A comparative study of model initialization for the Noah land surface model using LIS

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Tuesday, 19 January 2010: 5:00 PM
B212 (GWCC)
Roshan K. Shrestha, EMC, College Park, MD; and P. R. Houser

A Land surface model (LSM) needs proper initialization for proper simulation and to avoid erroneous interpretation of the model results. A properly initialized model is expected to have equilibrium land surface state to begin the model runs. Such an equilibrium state is obtained via spinning up the model. Generally, the spin-up is done either by running the model for a longer period or by looping the model runs within a chosen period repeatedly. A longer spin-up period requires longer term data which is not easily available for most of the cases. Alternatively, the looping approach allows the spin-up period run as long as it needs to reach to the preferred equilibrium state.

Because the LSM is sensitive to the model initialization, the spin up results and the time taken to reach to the equilibrium is also sensitive to the chosen method of model initialization. We have tested and compared nine different methods of initialization for the spin-up runs, which were conducted in the looping-mode using the 1-km resolution Noah LSM in the Land Information System (LIS). The experiments have used soil moisture states based on chosen methods as the surrogate to initialize the model for the spin up runs. The model outputs were compared to evaluate the discrepancies of land surface fluxes over the annual interval of the looping cycle. The experiments were conducted at 12 stations located in the SGP ARM site.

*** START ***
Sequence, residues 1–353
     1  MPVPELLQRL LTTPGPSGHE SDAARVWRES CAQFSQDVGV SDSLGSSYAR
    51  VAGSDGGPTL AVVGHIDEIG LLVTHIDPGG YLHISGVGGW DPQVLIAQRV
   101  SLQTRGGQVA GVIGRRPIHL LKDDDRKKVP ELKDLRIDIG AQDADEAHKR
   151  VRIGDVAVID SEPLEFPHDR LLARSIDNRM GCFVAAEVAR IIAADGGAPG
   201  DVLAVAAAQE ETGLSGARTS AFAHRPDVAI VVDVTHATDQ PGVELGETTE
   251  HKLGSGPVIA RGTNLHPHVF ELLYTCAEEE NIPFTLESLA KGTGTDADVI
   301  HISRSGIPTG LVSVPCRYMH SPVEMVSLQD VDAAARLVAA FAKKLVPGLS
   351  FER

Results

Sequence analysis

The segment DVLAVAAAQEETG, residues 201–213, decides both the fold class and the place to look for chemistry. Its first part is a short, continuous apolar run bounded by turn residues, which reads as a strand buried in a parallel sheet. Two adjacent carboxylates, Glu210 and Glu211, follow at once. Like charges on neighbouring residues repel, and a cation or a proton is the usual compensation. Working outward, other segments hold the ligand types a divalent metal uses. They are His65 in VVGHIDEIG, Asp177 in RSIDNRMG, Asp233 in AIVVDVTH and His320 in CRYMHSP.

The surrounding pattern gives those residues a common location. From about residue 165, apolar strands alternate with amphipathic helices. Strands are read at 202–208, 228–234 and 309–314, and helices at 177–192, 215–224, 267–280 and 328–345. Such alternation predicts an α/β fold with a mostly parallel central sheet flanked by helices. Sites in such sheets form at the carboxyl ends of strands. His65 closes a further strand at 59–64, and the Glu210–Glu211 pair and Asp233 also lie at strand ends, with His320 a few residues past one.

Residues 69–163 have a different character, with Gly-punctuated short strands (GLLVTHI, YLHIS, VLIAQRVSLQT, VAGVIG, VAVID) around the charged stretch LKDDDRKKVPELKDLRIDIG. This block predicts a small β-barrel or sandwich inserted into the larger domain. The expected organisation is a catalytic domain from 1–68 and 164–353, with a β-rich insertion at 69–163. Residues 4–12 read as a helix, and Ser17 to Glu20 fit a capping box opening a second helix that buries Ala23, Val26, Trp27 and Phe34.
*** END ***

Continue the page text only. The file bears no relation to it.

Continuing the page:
It is noted that the appropriate spin up period can vary depending upon the chosen land surface fluxes. The spin-up response is also found dependent on the spatial heterogeneity of land surface conditions. Early termination of spin-up runs could dangerously fail to adapt with the large spatial variation of land surface conditions. The model adjusts land surface states rapidly with the local land surface conditions but it needs multiple repetition cycles. The fluxes like sensible heat or latent heat are adjusted faster than the ground heat flux, which retains memory of the land surface state for considerably longer period.

The results have shown large variability despite being the experimented stations located in the same hydroclimatic region. The results indicate that the climatological average state does not necessarily return the most efficient initialization of a LSM. Spatially heterogeneous land surface state averaged over a short period is found to perform better than climatological average state in the experiment.